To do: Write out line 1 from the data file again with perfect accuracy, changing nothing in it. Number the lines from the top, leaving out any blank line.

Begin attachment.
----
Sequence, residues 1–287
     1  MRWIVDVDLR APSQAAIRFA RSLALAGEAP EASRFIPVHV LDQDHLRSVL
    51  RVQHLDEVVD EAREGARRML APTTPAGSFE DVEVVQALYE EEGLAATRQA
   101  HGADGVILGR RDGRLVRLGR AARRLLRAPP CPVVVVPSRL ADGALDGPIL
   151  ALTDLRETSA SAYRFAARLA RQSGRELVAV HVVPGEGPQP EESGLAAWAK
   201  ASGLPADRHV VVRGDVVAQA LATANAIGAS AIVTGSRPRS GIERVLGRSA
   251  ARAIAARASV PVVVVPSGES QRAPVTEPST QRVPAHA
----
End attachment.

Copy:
Sequence, residues 1–287